For example, no one knows for sure the laws surrounding passport control in Ukraine. Some sources say foreigners can stay 6 months, others 3. Sometimes you can cross the border and come directly back, others say you have to wait a period of time. So depending on what date the stamp on your passport is, border control is going to disrupt your trip and fine according to whatever "law" has been violated.

Soon I will be travelling to Romania. In preparation, I have learned a way around the above situation. A fresh stamp, under 30 days old, can be purchased beforehand from a train conductor for a much lower cost than the impending fine and prevent an interruption in my plans. It is even cheaper (and possibly free) if an attractive Ukrainian woman (preferably with a dying relative abroad) can purchase the stamp... I have one ready for the task.

LOOK: Ahhh, the sweet ecstasy of schadenfreude

Not many things could have made me happier when I logged on than to be greeted by Big Dick showing up to the inaugural address in a wheel chair looking all scroodged with his cane and hunched back, his snarl turned into a pathetic little pucker.

For additional schadenfreudian bliss, check this clip of Bush being ignored by world leaders at the past G20 summit:

Monday, January 19, 2009

LOOK: "Path" (2008) by fucoid


This photo has a long history. It was taken inside of an installation from about 2 years ago. The installation was in the front garden of a gallery that happened to be an extremely popular hangout for the local mollusca. In fact, they were overrunning the show... snails were everywhere. As an act of revenge, I decided to wire it up with my discarded dental floss to catch one en route. It seemed to be a poetically disgusting act. That is the finest resulting image.

Just recently the image has been inquired about and I have done some retouching in Photoshop (which I don't do with my current works).

Sunday, January 18, 2009

LISTEN: Sunday mix #1, Gary Numan

All Numan, all day. The greatest pioneer of synthpop next to Kraftwerk? Probably. An arrogant, money-grubbing prick? Maybe. But one thing is for certain, no one could command a Moog with the same authority (Down in the Park, Airplane). Likewise, he was a ninja with improvised electronic instruments, like wired-up violins and guitars (Metal, Conversation). I am a supporter; I don't think he gets the proper recognition he deserves for being badass, at least in the US. Tight, dark, minimal and full of self-loathing... let him brighten up your day.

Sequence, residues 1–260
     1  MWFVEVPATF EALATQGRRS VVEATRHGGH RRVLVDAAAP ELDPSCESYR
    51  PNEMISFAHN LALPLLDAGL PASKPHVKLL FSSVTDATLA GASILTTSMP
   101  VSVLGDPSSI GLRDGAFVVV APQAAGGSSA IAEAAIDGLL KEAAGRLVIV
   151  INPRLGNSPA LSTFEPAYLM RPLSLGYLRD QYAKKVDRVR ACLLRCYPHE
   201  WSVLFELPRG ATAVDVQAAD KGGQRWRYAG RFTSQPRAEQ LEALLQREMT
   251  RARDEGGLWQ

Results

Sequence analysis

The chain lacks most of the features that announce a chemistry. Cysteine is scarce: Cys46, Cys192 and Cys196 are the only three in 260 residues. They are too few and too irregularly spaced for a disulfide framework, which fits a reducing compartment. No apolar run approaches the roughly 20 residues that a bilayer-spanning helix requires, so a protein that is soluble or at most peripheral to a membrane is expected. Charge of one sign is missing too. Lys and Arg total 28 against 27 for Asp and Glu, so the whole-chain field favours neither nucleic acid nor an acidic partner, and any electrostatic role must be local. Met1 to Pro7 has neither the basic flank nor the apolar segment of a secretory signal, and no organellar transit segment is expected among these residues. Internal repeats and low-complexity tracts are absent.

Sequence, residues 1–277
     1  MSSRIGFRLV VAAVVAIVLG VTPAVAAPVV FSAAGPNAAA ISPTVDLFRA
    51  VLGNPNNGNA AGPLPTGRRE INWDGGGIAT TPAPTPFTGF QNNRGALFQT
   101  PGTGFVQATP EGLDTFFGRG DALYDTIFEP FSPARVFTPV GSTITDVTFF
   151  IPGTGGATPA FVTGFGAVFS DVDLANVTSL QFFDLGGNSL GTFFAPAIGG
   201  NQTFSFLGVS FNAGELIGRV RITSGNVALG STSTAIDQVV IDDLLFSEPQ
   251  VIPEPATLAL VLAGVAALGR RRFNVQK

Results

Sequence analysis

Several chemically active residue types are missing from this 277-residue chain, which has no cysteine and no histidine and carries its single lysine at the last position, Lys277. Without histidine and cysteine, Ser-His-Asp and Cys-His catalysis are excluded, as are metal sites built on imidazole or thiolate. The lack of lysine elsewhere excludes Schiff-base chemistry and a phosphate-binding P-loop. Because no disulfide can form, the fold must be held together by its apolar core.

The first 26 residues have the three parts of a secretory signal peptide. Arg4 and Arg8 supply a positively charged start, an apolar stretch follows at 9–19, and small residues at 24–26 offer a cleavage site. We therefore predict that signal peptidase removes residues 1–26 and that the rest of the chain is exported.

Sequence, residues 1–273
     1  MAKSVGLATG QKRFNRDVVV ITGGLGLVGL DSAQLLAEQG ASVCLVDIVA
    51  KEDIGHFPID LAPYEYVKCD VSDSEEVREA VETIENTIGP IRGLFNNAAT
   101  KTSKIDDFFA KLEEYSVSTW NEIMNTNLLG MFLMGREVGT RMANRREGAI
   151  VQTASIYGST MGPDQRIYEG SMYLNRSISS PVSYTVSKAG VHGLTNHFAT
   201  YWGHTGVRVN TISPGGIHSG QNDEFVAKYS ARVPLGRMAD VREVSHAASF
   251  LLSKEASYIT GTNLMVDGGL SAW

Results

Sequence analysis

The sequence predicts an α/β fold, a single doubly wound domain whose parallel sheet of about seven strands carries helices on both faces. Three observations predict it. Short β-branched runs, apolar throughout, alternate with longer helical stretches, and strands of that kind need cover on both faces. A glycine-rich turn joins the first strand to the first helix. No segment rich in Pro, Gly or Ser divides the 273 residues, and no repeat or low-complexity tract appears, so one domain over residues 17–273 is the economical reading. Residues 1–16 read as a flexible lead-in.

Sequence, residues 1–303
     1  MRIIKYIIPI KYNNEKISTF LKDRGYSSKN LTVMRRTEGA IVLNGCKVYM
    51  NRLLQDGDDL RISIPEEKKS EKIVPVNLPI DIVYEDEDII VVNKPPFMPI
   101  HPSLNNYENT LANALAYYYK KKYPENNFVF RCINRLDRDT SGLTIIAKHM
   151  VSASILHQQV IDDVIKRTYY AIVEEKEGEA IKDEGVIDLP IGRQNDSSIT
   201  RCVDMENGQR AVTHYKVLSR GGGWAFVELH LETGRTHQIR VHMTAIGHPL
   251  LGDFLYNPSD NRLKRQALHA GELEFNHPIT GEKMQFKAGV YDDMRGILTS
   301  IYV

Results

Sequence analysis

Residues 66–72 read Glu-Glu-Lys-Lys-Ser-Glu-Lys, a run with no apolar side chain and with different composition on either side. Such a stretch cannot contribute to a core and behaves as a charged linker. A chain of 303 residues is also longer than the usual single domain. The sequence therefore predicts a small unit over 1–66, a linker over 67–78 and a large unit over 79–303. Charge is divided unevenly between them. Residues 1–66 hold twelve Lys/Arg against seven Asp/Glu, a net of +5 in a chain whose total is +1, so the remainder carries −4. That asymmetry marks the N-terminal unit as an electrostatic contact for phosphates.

gary numan mix

Saturday, January 17, 2009

LOOK: From Finnish portrait series, by fucoid

Stockman Sales Clerk (2006)

There is no day or night during Finland's winter, only perpetual dusk-dawns.

Friday, January 16, 2009

TASTE: "The Cult of Salo"

Salo (spiced pork fat) is a Ukrainian national dish and treasured delicacy. The above blubber (straight from the pig's back, including skin) has been salted and then rubbed in course black pepper. 

The method of consumption is dependent on vodka: take a shot and then wash down with a bit of spicy flab. Dark rye bread figures into the meal as do raw garlic cloves. It truly is a 'fuck off' meal, meant to get one through the winter in good health (in spite of those scientific superstitions). 

This was a very generous New Year gift from an old woman down the hall. I did a few shots and sweated through some slices of fat but I cannot do this again, at least of my own volition. I have found my match. Salo wins. However, the remaining chunks will be put to good use. It is officially material for my next project.

I really cannot describe the special affection Ukrainians have for salo. They consider it better then sex and say "vodka without salo is a dollar without green." This is language pushed to the limits. But the following salo music video comes as close as possible to the reality. 

See magic salo man descend from heaven and induce magical salo lovefest:

SEE ALSO: Chocolate covered pork fat in Kiev

Thursday, January 15, 2009

SCRIBBLINGS: Visions of Malevich in Ukrainian village

I roughed it out in a remote Ukrainian village this past summer. It was part of my anthropological side and partly my desire to get drunk with people who didn't care what time of day it is. My experience is in urbanism so a subsistence farming village was about as far away as I could get, this side of a Yanomamo tree house.

The intent was to challenge myself to the point of breaking, hoping to discover new ideas and forget old ones. And while I tempered my fantasies the best I could going in, I am no cynic... so of course romantic images of Gauguinian excess managed to creep into the periphery. Something like a lakeside sauna, scantily clad milkmaids and bushels of dried birch branches were never too far away. What actually happened there is issue for another blog, but I promise at least a few moments of primitive revelry.

And recently I discovered that Kasimir Malevich lived in the nearest town (Konotop) as he was preparing to flirt with primitivism. It is probable he had walked through the same village as I lived in. But how different the ideology (and the demographics) today... it is impossible not to be consumed by the disastrous effects of Stalin, collectivization and globalization when wandering the villages from this region now. Focusing on some mystical connection to nature is not that far from being completely ridiculous.

But village farmers wear the same traditional garb as the ones he used to paint, except for the cell phones and occasional Nikes. And even if the relief of idealism has been lost, the landscape hasn't changed. The endless acres of farmland still inspire a comfortable nostalgia for simpler times.

Image one: Two Tahitian Women with Mango Blossom by Paul Gauguin (1899)
Image two: Babushka leaving the village store on bike